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Yes, I’m fat – I’m also a terrible yoga teacher

The price of admission for being a woman and talking on the internet is harassment. It comes and goes in waves (often related to everything that is happening politically) and certain topics generate far more barbs from strangers than others.

Most of the time, I ignore the comments. Being human, however, means that not only do I sometimes feel compelled to look, but I also spend more energy thinking about them than I should.

I rarely need to answer. But in this case – when people come to me for being a yoga teacher – I absolutely want to.

I’m fat. I teach yoga.

These are facts about me and are not mutually exclusive. I’m actually fat, I teach yoga, and I happen to be a great yoga teacher.

It is this body that has propelled me through more than 500 hours of training to become certified to teach at the level I teach. I endured physical challenges that pushed me to the limit – 12 hours a day with 7 or 8 hours of movement each in a heated studio – but more, I endured countless hours sitting with the emotional, philosophical and mental challenges that the practice brings.

However, like the trolls who doubt me, I once had my doubts about my ability to do yoga with this body.

Before starting my first yoga practice in a studio, I sent an email to the owner. She was exactly the type of body you see in the mainstream Western media when it comes to yoga: long, thin blond hair, white. I asked her if it was okay to try yoga in that studio, with a fat body and all. I was seeking approval to bring my body into a space that, I am told, does not accept others like mine.

I felt good with his ‘yes’ to appear, and that student room was not what I expected. It was not a room of thin, luxurious bodies with leisure clothing. Instead, I found bodies of all shapes, sizes, abilities and – as far as it could be for a small midwestern town – colors.

We moved. We sweat. We breathe.

At that time, I didn’t know what the future held for me. At that time, what I knew was what it was like to put the body in front of the mind and let the mind judge the body: two principles that Western culture has confused in a way that true yoga practice seeks to unravel, unfold, unfold.

My body requires modifications to some yoga postures. But most of the bodies, too. Yoga postures – asanas – are not really an old practice. Yoga itself is a 3,000-year-old practice, but it is not a collage of forms translated roughly from Sanskrit to English animal names; instead, it is an eightfold path consisting of ethical practices, behavioral restrictions, mindfulness, meditation and breathing, supported by physical movements to keep the body still and stable enough to work deeply in the mind and breath.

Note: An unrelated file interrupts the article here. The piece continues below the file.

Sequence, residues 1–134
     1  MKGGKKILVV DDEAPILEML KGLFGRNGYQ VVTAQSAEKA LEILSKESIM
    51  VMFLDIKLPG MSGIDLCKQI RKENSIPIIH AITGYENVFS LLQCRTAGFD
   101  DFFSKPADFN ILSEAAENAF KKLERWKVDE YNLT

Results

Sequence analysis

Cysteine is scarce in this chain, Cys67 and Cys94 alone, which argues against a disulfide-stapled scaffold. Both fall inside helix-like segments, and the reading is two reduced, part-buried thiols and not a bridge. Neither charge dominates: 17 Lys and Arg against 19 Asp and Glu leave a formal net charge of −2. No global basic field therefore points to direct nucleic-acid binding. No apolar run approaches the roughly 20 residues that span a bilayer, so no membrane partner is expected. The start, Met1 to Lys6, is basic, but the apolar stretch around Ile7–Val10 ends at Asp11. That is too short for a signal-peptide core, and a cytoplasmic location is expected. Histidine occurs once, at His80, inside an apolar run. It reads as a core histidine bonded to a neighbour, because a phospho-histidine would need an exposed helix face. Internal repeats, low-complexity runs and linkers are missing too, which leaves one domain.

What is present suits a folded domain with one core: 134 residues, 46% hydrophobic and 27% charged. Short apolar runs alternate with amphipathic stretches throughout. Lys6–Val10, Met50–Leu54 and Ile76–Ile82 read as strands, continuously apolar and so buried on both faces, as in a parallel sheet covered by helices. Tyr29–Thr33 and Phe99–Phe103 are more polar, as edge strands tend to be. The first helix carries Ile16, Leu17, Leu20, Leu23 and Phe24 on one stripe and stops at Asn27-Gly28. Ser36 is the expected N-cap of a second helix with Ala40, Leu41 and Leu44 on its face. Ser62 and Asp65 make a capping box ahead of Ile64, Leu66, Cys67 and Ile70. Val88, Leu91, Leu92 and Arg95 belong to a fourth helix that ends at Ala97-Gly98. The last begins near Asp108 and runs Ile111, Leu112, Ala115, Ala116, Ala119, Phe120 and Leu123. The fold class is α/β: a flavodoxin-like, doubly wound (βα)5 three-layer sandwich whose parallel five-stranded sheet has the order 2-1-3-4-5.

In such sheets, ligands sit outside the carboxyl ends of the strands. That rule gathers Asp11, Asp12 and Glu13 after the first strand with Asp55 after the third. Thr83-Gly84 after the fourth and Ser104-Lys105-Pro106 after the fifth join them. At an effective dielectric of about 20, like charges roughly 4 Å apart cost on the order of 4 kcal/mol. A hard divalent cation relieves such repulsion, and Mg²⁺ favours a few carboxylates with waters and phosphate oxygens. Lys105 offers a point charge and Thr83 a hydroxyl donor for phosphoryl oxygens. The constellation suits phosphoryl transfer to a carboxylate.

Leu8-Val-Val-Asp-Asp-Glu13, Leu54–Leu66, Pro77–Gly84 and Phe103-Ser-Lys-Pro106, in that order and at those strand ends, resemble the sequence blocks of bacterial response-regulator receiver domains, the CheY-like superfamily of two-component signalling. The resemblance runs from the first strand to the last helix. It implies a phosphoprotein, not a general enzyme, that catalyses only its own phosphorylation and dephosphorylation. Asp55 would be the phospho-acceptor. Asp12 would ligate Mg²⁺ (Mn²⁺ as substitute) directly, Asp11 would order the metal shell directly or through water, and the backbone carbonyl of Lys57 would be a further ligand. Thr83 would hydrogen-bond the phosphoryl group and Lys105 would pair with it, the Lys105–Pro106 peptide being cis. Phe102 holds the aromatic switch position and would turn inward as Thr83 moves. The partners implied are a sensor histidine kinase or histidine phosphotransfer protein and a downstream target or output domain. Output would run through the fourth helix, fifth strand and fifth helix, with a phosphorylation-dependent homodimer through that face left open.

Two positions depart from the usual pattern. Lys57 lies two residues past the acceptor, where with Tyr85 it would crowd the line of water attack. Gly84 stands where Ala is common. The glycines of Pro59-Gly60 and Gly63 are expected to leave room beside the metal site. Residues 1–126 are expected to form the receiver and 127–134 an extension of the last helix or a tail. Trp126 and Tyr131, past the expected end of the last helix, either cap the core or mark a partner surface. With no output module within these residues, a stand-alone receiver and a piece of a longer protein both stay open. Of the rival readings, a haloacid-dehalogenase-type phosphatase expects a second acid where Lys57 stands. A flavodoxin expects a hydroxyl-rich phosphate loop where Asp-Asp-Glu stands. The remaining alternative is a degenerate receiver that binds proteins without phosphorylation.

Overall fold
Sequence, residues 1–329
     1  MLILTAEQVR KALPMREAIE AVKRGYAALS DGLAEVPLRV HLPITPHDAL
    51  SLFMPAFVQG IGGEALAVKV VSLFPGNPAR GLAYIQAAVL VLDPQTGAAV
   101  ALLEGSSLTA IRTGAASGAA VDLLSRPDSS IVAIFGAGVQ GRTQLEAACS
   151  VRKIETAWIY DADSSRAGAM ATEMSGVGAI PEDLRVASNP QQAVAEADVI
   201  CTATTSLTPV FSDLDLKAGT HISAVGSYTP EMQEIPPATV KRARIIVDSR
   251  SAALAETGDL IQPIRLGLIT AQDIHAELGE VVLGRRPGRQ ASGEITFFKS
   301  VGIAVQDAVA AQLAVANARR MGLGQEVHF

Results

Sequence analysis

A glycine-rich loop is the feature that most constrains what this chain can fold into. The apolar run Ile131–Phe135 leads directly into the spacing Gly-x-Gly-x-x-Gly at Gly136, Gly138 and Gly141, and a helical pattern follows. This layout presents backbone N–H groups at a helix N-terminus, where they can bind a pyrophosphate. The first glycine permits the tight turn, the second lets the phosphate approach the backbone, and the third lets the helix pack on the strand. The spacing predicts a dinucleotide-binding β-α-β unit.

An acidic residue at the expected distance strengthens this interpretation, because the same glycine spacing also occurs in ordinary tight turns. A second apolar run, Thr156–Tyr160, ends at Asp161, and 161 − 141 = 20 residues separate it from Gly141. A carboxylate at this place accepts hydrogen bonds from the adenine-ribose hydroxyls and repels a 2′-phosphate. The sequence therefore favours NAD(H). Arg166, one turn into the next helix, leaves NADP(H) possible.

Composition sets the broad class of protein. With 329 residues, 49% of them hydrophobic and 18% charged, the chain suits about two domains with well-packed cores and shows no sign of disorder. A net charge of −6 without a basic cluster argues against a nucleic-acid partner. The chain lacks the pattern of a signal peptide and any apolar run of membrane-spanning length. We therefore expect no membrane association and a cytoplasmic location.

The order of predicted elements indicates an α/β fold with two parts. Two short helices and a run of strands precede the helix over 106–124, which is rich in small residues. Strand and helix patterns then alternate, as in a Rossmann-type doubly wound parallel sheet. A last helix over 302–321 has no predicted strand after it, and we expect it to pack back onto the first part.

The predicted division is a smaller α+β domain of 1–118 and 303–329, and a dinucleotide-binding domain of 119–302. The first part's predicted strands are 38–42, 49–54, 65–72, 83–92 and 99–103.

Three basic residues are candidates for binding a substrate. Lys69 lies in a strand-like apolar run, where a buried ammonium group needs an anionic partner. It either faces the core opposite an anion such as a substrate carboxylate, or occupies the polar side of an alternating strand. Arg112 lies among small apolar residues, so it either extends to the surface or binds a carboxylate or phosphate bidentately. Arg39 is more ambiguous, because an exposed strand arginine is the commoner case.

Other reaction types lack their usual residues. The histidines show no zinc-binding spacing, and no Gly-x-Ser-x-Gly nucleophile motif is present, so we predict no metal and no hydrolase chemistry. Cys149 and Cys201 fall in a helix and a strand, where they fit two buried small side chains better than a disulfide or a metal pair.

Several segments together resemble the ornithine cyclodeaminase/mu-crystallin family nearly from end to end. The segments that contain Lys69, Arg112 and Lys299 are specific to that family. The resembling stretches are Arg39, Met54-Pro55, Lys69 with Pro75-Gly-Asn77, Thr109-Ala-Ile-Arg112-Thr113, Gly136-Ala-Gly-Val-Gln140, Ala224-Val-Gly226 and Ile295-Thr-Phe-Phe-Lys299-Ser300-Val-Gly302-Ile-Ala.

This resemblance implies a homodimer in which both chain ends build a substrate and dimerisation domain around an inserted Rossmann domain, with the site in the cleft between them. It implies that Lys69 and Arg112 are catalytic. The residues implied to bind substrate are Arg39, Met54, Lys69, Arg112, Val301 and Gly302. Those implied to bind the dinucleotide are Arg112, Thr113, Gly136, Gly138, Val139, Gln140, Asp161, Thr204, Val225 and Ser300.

Specific yoga asanas appeared only in the early 1900s, stylized after the gymnastics practiced by prepubescent boys. Unless it is your body, you will be making changes that allow your body to have fun and express itself in the best way in whatever form you are creating.

Learning how to adjust my body to the poses gave me power as a student, but more, discovering the joy of modifications helped me build a kit of teaching tools – one that those who did not navigate working on a fat body do not have access. I encourage the use of props, postures that take up more space in this world, to literally move the meat around when it is limiting its potential and desired range of motion. When a student enters one of my classes nervous, afraid of not being good enough or with the mentality that he is too fat, too inadequate, too inflexible, too uncoordinated, I can take advantage of my own experiences of being in that mentality you need and make sure they are perfect as they are.

This is yoga.

Fat is a reality of my body, but it is not one of the most interesting. It’s really cool that I can hold my body in a hand and forearm stop. May I flow pose to pose with grace and skill. That I never get bored doing basic poses because there is something you can always learn, from where to express more energy to how to involve the core a little more.

But yoga is not about my body. It’s about my body as far as my mind is concerned. It’s about my body as far as your body and mind are concerned, whether you don’t realize I’m fat, or whether it’s the fact about me that you’re fixated on.

I don’t need to prove my worth as a teacher or student by having a body in a certain way. I prove it by creating the right shape in my life.

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